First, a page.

Easter Sunday has passed. It was a wet one.

Southwest corner weather has returned to the Southwest corner today.

i have taken up my seat on our patio looking up on our slope and my flag. i will not include another photo as i am sure you have seen enough of those.

Those slope photos remind me of when i was carrying Korean troops to Vietnam and back to Pusan. i had purchased the finest quality and most expensive Nikon cameras and lenses with absolutely no sense of financial responsibility or in defiance of such responsibility to which i had been required to adhere while still living at home. Impressed with my newly found hobby, i took about three thousand photos of sunsets and sent them to my parents back in Tennessee, along with a few others of new friends and sights. When i returned to Lebanon, my father commented he didn’t know anyone could take that many photos of sunsets.

i will have to ascend and descend that slope tomorrow and put one of the chairs, which the storm winds blew over, back into its place. But tonight, i rest, waiting for another of Maureen’s gourmet meals and the Padres telecast.

One lone, large leaf blows slowly across the lawn and hardscape, pausing for a while and then moving on to the bushes by the stucco fence separating our side yard from our neighbors. The leaf’s trek was a stately retreat from the wind.

i recall when back home growing up, there were few fences between homes. We had an old one on the back of our property: a wire fence with wood posts and a strand of barbed wire running along the top. A hedge covered most of it and an opening about three feet wide was in the northeast corner where only the top wire, barbless, remained. Jimmy Nokes once told me when in his preteens, he had snuck out one night and was gamboling around town one his one-speed Schwinn bicycle (with a metal basket on the handlebars and likely with baseball cards in the spokes). He decided to cross the Loomis’ yard on Pennsylvania Annex behind our house and take a shortcut to Castle Heights Avenue through our yard. He saw the opening and hit it. His head caught that lone top wire, and he crashed with a scream. My father heard the commotion and went out to see what it was. Jimmy always thought the world of my father because he picked Jimmy up and checked on him, straightened up the bike sending Jimmy on his way and never told Big Jimmy Nokes.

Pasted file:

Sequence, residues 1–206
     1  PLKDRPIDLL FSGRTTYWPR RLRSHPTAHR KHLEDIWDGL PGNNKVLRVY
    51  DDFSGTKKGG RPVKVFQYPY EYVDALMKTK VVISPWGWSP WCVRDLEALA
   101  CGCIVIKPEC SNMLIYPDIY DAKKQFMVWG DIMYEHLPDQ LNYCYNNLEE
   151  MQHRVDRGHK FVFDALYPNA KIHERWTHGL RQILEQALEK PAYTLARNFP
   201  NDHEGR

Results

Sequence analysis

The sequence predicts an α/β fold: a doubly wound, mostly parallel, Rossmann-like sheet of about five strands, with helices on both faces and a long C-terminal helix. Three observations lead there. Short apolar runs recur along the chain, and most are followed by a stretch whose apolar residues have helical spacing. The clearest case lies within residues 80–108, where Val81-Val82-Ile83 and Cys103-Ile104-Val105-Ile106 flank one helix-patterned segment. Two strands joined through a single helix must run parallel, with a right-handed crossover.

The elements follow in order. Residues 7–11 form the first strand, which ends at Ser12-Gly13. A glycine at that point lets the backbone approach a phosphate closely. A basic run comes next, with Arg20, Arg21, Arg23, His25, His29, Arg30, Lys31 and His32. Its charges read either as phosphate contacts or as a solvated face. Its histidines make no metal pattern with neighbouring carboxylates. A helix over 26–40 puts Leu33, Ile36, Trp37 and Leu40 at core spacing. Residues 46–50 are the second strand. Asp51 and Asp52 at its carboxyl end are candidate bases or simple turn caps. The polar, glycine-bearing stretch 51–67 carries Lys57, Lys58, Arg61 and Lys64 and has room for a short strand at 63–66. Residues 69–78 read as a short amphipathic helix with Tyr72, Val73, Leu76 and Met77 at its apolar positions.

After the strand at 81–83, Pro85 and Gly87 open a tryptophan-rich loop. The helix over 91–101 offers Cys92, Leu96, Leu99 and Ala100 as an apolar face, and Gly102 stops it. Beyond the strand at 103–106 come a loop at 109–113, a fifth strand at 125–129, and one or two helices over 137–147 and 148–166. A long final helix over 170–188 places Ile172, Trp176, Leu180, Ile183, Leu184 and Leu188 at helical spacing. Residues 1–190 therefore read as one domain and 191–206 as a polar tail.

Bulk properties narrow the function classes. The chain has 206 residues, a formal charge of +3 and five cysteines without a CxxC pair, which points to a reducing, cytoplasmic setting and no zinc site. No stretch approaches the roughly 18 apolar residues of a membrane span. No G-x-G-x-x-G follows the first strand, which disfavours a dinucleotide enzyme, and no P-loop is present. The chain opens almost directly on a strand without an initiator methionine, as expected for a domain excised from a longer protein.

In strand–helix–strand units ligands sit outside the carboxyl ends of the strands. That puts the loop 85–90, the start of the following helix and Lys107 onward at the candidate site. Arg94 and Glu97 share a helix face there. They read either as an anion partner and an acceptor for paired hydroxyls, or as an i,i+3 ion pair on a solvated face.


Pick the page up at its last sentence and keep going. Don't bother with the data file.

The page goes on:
i sit here with the sunlight sliding down behind the slope. It is a lovely time of Southwest corner day but cool enough for a long sleeve top.

Our Easter weekend with our daughter and her man was one of the best of the many wonderful ones i can remember. We didn’t do a lot, went to the botanical garden and museum, ate at some pretty cool places, sat around and watched sports, movies, and comedy serials.

But you see, i was in my daughter’s place. She was happy. She and Aaron (and Scooby, their puppy) have it worked out. They are happy.

And if there is anything that can make me happy, it’s knowing my family members are secure and happy.

Now that’s a good Easter.

2 thoughts on “Tranquility

  1. We had a fence separating our property from our next door neighbor the Jennings. It worked well when Mr. Irby’s bull chased us across the back of our property. I never figured out why he was there unless my dad told Mr. Irby the bull could graze on our lot. Believe it or not we outran him and my sister Margaret threw me up and over the fence. Mimi made it on her own. Margaret made it too. My dress hung on the top barbwire and ripped it all the way down the front. Good times.

    1. Sara, I, too have many memories like this to reminise now that this ‘older’ body has its limitations. Since the stroke I have trouble lifting my memories out of the abyss that’s why I am blessed with friends like you so when I lay my head on my pillow I always fall asleep with a smile on my face ❣️

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